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Beginner
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/bin/sh: ifort not found; executing a script as root

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Hi all,

I am trying to install an application (from source) using a given script (Makefile) and I'd like to use ifort as the fortran compiler. I included ifort_vars in .bashrc (for bash shell) and .profile (for sh shell). The problem is that the script calls /bin/sh in a non-interactive shell, so .profile is not loaded at the beginning and thus ifort_vars is never visited. The result I get is "ifort not found".

This problem can be solved when the script is called as user. The solution is to call ifort_vars inside .shinit and define in .profile:

ENV=/home/user/.shinit; export ENV

Unfortunately this solution does not work when make has to be executed as root (that is my case). Besides, I cannot change /bin/sh by /bin/bash inside the script, because other parts of the script will not work.

Any idea?

Thanks,
Paco
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Black Belt
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You appear to be confirming that your system runs a pure sh as root. So, you would have to avoid the attempt to use the "." abbreviation, which works only in bash. It would not be surprising if your system required root to set up PATH explicitly, as a security precaution, for example by typing in the source ifortvars for each session. If you had a higher level of security for root, such as SELINUX, it could be practically impossible to run ifort as root, an act which most people would consider inadvisable anyway. I don't see how it could be useful to discuss that further here.

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Unless someone understands you better, this leaves us guessing.
The ifortvars script is not "include"d, it is "source"d.
Under sh, "source" can't be abbreviated as "." as it can under bash.
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Beginner
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Quoting - tim18
Unless someone understands you better, this leaves us guessing.
The ifortvars script is not "include"d, it is "source"d.
Under sh, "source" can't be abbreviated as "." as it can under bash.
:-) Sorry, my hability to express myself using English is very poor!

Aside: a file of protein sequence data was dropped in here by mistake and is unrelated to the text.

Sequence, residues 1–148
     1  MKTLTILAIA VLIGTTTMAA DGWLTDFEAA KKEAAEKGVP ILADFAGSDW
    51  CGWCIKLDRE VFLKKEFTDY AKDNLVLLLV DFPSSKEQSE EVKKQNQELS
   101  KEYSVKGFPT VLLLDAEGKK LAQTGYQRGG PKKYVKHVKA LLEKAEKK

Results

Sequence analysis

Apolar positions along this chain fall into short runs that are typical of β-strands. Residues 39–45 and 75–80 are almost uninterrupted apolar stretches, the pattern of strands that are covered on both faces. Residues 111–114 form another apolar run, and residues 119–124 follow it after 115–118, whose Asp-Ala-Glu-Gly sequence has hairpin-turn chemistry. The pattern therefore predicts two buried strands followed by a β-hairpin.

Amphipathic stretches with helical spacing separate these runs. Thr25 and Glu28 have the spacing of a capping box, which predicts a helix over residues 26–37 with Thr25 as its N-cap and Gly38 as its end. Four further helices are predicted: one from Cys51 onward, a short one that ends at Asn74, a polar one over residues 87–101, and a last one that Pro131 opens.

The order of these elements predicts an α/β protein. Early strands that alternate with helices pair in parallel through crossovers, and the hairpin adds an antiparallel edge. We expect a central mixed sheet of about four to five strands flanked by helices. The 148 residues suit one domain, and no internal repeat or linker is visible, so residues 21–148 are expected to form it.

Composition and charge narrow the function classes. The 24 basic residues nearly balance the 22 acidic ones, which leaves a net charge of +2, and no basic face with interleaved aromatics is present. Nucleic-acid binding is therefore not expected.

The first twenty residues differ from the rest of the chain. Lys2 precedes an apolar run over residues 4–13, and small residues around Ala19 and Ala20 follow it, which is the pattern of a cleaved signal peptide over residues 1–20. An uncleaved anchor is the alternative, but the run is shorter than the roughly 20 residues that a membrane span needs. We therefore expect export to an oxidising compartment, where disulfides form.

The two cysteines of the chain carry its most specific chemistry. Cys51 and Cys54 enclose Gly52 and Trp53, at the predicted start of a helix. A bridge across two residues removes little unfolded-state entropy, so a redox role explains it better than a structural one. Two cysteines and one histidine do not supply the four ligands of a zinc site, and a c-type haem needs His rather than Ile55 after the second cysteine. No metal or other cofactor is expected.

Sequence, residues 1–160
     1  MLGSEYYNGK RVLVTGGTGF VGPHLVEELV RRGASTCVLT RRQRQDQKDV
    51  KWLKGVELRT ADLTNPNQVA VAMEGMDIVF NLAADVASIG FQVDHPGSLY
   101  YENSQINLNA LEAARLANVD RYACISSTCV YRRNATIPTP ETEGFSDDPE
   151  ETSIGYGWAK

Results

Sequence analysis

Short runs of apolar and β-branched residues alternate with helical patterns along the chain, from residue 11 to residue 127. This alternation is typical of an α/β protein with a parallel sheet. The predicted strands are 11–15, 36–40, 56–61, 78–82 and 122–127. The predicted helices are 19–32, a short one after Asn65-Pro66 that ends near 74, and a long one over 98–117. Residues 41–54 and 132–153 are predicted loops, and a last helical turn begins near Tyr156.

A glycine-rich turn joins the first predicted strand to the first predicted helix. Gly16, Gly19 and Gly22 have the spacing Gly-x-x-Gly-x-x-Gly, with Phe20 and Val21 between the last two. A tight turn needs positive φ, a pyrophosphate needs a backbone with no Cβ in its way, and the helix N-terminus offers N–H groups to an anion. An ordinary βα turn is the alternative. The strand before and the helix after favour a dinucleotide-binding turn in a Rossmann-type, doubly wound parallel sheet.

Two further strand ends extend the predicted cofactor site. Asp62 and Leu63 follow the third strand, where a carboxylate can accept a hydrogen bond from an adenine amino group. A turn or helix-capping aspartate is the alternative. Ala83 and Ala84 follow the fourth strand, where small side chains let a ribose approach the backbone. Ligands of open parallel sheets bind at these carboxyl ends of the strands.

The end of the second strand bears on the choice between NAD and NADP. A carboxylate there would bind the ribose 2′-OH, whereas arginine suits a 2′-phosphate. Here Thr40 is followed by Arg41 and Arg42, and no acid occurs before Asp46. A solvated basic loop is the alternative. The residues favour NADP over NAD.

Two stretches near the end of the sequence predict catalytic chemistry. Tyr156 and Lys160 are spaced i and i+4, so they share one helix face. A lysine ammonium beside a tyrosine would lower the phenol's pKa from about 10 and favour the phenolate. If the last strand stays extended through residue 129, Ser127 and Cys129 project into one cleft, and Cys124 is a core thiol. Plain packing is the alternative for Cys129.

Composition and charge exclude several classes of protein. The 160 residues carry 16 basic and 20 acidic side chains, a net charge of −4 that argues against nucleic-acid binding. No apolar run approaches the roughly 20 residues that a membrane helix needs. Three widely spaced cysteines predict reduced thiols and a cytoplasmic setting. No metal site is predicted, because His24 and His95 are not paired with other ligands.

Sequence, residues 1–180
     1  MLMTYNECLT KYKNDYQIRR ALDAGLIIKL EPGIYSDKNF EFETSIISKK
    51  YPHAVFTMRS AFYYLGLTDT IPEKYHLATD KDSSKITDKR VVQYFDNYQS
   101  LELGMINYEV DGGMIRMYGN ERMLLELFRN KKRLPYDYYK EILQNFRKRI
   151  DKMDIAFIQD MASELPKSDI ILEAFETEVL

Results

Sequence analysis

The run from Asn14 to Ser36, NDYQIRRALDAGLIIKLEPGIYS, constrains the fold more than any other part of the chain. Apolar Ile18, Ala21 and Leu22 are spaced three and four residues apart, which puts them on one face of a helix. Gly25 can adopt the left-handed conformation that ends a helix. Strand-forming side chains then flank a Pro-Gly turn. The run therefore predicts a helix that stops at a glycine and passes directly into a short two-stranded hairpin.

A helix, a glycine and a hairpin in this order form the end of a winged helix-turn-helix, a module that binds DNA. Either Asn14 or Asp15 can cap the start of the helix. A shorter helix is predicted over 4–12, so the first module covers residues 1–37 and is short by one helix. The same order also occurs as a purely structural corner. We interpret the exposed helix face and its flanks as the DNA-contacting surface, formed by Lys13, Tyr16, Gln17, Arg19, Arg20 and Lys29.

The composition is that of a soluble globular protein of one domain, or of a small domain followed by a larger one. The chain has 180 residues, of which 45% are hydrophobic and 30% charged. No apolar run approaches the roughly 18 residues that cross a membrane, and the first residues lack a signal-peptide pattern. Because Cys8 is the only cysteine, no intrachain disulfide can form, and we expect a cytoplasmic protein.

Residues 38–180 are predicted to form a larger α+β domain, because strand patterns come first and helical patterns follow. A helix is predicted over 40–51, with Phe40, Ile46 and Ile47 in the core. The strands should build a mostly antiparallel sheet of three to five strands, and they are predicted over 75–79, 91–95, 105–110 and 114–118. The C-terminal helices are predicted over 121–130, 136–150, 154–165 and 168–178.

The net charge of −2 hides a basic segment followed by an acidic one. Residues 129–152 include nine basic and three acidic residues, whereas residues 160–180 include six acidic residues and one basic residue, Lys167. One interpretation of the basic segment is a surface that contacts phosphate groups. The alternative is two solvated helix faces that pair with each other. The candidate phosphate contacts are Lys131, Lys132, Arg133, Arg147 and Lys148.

What I mean by "include" is just what you say: use "source" in bash and "." in sh. The problem is that the init files .bashrc / .profile are visited (or executed) by the corresponding shell only at the beginnig of a interactive shell, I mean, when the shell will let introduce by keyboard some commands. When you write #/bin/sh at the beginning of a script, that opens a non-interactive shell and, at least in the case of sh, .profile is not visited (or readed, executed...).

When you are logged as user, that can be solved writing in ENV variable the path to the file that you can executed when a non-interactive shell starts (.shinit, in my previous post). The problem is that I do know how to do the same when I am logged as root. I need to be root to execute the script since it has to create some directories in /opt.

Sorry again if my explanation is confusing or wrong,

Paco
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Black Belt
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You appear to be confirming that your system runs a pure sh as root. So, you would have to avoid the attempt to use the "." abbreviation, which works only in bash. It would not be surprising if your system required root to set up PATH explicitly, as a security precaution, for example by typing in the source ifortvars for each session. If you had a higher level of security for root, such as SELINUX, it could be practically impossible to run ifort as root, an act which most people would consider inadvisable anyway. I don't see how it could be useful to discuss that further here.

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Beginner
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Quoting - tim18
You appear to be confirming that your system runs a pure sh as root. So, you would have to avoid the attempt to use the "." abbreviation, which works only in bash. It would not be surprising if your system required root to set up PATH explicitly, as a security precaution, for example by typing in the source ifortvars for each session. If you had a higher level of security for root, such as SELINUX, it could be practically impossible to run ifort as root, an act which most people would consider inadvisable anyway. I don't see how it could be useful to discuss that further here.

My system is ubuntu 9.04 and yes, by default, sh is a pure sh. Following your recommendations I did:

* login as root: sudo su -
* execute the file where ifort_vars is called: . .shinit
* call the script: make

It works!

The content of .shinit is:
INCLUDE=/opt/intel/Compiler/11.1/056/mkl/include:${INCLUDE}; export INCLUDE
. /opt/intel/Compiler/11.1/056/bin/intel64/ifortvars_intel64.sh intel64
. /opt/intel/Compiler/11.1/056/bin/intel64/idbvars.sh intel64

Thank you for your help,
Paco
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